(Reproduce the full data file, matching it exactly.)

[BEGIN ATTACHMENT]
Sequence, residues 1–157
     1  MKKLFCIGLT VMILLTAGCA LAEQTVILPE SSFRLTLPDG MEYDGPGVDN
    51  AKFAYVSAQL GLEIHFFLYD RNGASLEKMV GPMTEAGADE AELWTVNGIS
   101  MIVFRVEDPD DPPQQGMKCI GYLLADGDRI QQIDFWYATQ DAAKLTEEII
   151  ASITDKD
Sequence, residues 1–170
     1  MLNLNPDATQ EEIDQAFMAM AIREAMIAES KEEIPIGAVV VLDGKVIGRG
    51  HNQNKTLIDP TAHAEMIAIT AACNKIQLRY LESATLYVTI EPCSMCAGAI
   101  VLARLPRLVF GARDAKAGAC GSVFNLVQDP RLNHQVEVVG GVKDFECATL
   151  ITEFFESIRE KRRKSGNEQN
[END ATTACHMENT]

Sequence, residues 1–157
     1  MKKLFCIGLT VMILLTAGCA LAEQTVILPE SSFRLTLPDG MEYDGPGVDN
    51  AKFAYVSAQL GLEIHFFLYD RNGASLEKMV GPMTEAGADE AELWTVNGIS
   101  MIVFRVEDPD DPPQQGMKCI GYLLADGDRI QQIDFWYATQ DAAKLTEEII
   151  ASITDKD
Sequence, residues 1–170
     1  MLNLNPDATQ EEIDQAFMAM AIREAMIAES KEEIPIGAVV VLDGKVIGRG
    51  HNQNKTLIDP TAHAEMIAIT AACNKIQLRY LESATLYVTI EPCSMCAGAI
   101  VLARLPRLVF GARDAKAGAC GSVFNLVQDP RLNHQVEVVG GVKDFECATL
   151  ITEFFESIRE KRRKSGNEQN